Saturday, July 22, 2017


How was beargrass sustainably harvested? How was camas traditionally preserved? What plants are good medicine

for sore throats and coughs? What kind of wood makes the best canoe paddles or tool handles? Which forest plants make good snacks in the springtime?

“Cultural harvest” refers to the collection of wood (cedar, fir, spruce or hemlock), beargrass, sweetgrass or cedar bark for traditional purposes such as canoe-building, bent board work, basket weaving or carving.

Documentation of historical cultural uses of plants in the region traditionally inhabited by the Quinault Indian Nation and associated Coast Salish people is important to sustain local plant knowledge and values for future generations.

The Quinault Division of Natural Resources is coordinating a multi-year research project that will result in an illustrated booklet for tribal members: Ethnobotany in the Land of the Quinault – Culturally Important Plants and their Uses. This project will provide upcoming generations of tribal members with valuable documentation of the plant-gathering traditions of the Quinault Indian Nation so this knowledge and wisdom persist and thrive into the future. Quinault/Salish plant names will be incorporated into publications to reinforce traditional language and cultural concepts.

Ethnobotanical information will also be used to inform land-use decision-making on the Quinault Indian Nation lands and is incorporated into the updated 2017 QIN Forest Management Plan.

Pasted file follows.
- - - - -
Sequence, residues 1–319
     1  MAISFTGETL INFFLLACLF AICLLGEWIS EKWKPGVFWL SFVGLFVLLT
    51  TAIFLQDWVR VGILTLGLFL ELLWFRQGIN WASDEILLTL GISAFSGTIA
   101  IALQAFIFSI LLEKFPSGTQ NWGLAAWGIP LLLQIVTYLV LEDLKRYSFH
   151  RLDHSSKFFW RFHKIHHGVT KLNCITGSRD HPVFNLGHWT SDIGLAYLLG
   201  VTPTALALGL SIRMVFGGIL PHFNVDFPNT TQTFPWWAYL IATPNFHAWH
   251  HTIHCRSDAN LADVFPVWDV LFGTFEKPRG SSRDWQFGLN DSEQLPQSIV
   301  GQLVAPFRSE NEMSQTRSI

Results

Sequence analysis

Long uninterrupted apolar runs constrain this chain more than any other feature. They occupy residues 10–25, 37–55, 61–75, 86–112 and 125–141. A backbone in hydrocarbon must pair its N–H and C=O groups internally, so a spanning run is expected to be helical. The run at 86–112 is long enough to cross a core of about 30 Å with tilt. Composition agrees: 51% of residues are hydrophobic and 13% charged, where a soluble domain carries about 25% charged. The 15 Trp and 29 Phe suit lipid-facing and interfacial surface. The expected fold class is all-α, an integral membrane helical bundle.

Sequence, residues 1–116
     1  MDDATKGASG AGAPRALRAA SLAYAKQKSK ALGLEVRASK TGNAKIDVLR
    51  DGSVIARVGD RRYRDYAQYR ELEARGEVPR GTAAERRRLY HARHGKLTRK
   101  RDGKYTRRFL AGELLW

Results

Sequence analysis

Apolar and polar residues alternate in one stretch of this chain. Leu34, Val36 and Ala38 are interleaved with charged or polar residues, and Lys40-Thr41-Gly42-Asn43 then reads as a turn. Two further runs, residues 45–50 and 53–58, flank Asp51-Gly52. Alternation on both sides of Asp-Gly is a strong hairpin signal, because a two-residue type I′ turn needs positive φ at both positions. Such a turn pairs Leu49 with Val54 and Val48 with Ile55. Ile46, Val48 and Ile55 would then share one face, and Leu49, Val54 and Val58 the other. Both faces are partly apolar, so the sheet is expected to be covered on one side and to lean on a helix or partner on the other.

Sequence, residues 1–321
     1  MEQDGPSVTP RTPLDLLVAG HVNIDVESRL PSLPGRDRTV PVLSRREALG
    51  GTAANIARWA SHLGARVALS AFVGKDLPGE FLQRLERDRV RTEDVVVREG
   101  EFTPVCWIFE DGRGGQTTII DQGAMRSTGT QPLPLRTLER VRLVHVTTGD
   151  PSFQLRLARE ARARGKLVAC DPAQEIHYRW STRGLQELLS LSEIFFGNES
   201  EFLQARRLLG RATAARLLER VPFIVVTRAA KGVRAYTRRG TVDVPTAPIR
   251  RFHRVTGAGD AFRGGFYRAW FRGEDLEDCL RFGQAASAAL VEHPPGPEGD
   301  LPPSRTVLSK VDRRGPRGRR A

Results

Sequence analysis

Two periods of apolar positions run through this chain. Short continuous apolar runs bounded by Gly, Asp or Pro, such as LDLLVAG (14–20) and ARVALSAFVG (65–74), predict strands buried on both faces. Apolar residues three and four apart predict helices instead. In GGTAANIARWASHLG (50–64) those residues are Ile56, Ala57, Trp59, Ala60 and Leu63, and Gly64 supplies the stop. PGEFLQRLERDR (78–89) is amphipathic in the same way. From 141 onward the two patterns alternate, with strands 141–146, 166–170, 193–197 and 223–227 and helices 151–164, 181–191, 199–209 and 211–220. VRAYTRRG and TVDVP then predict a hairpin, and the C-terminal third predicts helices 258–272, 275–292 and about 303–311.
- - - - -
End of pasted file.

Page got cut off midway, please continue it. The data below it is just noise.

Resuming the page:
Grants to fund the project have been gratefully received from the National Park Service and the Institute of Museum and Library Services.


For information on Ethnobotany at the Quinault Indian Nation contact the following QDNR team members at 360.276.8215:

Cultural Resource Specialist, This email address is being protected from spambots. You need JavaScript enabled to view it. x7330

Museum Archivist/Curator, This email address is being protected from spambots. You need JavaScript enabled to view it. x245

Permits Office Clerk, This email address is being protected from spambots. You need JavaScript enabled to view it. x372


Helpful Information Links:

Pacific Northwest Ethnobotany

Ethnobotanical Uses of Native Plants

Plants of Washington (University of Washington)

What is Ethnobotany? (Wikipedia)

Edible Plants and Mushrooms of the Pacific Northwest (YouTube Video)

Clarence Pickernell

“This is my land
From the time of the first Moon till the time of the last Sun
It was given to my People
Wha-neh Wha-neh, the great giver of life, made me out of the Earth of this land
He said, ‘You are the land, and the land is you’
I take well care of this land, for I am part of it....”

-Clarence Pickernell, Taholah, WA


Quinault Division of Natural Resources Ethnobotany